Pulmonary Central, Author at PulmCCM

Pulmonary Central

Pulmonary Central was the previous name for the PulmCCM blog. The PulmCCM team writes the posts under this moniker. Read the About page for more of the PulmCCM story.

Sep 172015
Overdiagnosis of pulmonary embolism on CT-angiogram by radiologists may be widespread

Contrasted CT-angiography of the chest, often called a “PE protocol CT,” has dramatically improved the diagnosis of pulmonary embolism. When used in conjunction with validated clinical decision tools like modified Wells criteria, CT-angiography is highly sensitive (good at detecting PE when it’s there and ruling it out when it’s not) and specific (generating few false-positive [… read more]

Aug 272015
Limited cancer screening seems appropriate after unprovoked PE

Cancers can cause pulmonary embolism, and an unprovoked PE may signal an undiscovered cancer lurking in the body. In older studies, as many as 1 in 10 patients with unprovoked PE were diagnosed with cancer within a year. (The current terminology is that a PE is provoked if associated with a known cancer or another provoking factor, but [… read more]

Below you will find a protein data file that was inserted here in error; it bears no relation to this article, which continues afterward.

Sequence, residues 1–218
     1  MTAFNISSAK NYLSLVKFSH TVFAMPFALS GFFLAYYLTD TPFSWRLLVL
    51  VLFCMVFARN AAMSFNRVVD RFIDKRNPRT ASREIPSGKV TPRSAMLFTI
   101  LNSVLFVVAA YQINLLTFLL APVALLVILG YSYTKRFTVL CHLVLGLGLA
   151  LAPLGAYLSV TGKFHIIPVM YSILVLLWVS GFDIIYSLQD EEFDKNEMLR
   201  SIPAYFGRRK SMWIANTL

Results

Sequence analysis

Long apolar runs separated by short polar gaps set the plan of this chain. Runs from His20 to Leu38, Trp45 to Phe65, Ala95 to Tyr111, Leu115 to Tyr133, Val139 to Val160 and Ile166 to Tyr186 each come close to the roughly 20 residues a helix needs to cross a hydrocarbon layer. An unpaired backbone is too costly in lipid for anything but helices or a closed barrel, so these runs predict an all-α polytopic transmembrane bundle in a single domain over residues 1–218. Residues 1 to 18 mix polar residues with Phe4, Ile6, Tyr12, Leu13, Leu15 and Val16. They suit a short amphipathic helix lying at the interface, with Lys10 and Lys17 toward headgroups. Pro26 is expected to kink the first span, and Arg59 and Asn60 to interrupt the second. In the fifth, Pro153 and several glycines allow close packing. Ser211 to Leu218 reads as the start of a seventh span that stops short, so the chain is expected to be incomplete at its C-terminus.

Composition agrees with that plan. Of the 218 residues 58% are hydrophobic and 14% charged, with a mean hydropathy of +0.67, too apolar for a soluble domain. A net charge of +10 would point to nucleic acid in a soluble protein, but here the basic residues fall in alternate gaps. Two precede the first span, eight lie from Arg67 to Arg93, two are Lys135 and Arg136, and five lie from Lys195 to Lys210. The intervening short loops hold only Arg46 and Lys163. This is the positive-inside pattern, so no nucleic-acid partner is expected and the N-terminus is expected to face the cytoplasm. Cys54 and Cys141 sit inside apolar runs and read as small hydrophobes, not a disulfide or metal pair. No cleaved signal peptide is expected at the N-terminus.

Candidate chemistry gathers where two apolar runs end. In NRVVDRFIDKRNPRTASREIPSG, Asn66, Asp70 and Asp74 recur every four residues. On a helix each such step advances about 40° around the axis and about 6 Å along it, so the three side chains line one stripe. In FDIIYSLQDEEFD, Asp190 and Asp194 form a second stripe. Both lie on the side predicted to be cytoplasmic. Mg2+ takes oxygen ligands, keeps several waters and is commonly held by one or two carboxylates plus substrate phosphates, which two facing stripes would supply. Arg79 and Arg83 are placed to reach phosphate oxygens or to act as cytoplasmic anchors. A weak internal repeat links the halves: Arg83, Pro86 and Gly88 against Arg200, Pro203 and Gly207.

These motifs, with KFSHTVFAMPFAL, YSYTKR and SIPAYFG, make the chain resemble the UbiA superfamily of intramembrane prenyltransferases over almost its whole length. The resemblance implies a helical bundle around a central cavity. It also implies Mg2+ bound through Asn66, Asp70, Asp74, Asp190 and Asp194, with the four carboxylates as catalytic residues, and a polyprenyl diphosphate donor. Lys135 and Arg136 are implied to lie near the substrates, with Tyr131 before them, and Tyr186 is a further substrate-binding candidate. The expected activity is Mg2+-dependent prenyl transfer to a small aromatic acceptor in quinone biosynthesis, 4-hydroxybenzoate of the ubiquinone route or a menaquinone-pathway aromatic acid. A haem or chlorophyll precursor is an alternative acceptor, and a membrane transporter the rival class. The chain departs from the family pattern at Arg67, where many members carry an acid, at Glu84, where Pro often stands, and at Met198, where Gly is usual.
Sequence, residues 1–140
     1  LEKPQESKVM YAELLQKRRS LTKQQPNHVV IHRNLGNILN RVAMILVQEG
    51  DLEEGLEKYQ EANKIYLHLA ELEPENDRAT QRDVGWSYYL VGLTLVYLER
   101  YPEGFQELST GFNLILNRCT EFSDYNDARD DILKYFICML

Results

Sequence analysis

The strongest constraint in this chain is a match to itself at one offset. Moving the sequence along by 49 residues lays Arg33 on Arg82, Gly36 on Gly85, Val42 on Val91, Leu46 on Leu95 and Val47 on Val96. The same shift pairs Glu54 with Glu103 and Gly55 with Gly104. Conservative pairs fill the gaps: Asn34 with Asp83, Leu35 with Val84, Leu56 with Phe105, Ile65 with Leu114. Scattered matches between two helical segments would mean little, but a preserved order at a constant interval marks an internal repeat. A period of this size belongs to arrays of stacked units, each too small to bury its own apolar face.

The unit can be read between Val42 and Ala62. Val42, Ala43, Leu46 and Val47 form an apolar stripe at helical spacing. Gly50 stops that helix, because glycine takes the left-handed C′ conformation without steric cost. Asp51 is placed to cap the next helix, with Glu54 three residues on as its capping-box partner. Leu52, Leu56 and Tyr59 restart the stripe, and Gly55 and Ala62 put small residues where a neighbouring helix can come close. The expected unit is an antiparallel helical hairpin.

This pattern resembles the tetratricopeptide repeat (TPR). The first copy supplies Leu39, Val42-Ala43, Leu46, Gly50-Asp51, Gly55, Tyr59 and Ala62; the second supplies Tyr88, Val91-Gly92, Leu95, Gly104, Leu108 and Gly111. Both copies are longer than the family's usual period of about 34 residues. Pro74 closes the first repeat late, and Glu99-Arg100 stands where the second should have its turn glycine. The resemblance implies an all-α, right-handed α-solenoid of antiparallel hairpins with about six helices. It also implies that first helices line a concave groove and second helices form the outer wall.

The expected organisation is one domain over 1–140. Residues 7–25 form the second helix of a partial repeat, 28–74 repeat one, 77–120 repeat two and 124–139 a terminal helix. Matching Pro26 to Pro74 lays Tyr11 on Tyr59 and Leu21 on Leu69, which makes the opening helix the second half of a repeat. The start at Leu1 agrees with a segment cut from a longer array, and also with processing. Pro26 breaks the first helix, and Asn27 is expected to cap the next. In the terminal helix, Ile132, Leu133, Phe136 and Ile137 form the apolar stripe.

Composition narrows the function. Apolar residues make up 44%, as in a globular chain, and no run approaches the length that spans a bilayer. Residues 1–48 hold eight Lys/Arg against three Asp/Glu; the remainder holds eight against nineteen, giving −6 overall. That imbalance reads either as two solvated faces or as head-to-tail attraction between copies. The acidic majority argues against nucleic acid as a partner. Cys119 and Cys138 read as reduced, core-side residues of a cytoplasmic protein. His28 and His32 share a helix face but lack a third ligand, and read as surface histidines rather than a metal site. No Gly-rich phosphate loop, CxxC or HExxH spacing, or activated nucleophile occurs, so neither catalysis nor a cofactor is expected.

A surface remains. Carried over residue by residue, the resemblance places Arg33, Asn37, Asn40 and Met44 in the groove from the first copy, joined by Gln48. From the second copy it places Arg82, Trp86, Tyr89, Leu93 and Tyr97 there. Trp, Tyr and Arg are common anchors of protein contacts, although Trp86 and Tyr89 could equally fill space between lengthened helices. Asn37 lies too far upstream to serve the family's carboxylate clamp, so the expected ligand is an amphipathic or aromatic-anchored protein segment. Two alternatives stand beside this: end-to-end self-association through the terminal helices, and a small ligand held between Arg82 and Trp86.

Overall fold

Aug 252015
Dabigatran-induced bleeding: antidote (idarucizumab) on the way

New oral anticoagulants like dabigatran, apixaban and rivaroxaban have advantages over warfarin: not requiring regular monitoring for efficacy; faster onset of action; shorter half-lives. Unlike warfarin, they’ve had the significant disadvantage of having no proven antidote for the bleeding that inevitably occurs when any anticoagulant is given to thousands of people. [lawsuits] Boehringer Ingelheim, makers [… read more]

Aug 252015
Are central lines really needed for vasopressor infusions?

image: Wikipedia There’s only one sure way to prevent complications from a central line: don’t place one. Like many invasive interventions, some of central venous catheters’ indications have been called into question in recent years. Monitoring of central venous pressure and central venous oxygen saturation via central IV access — once considered essential to good care [… read more]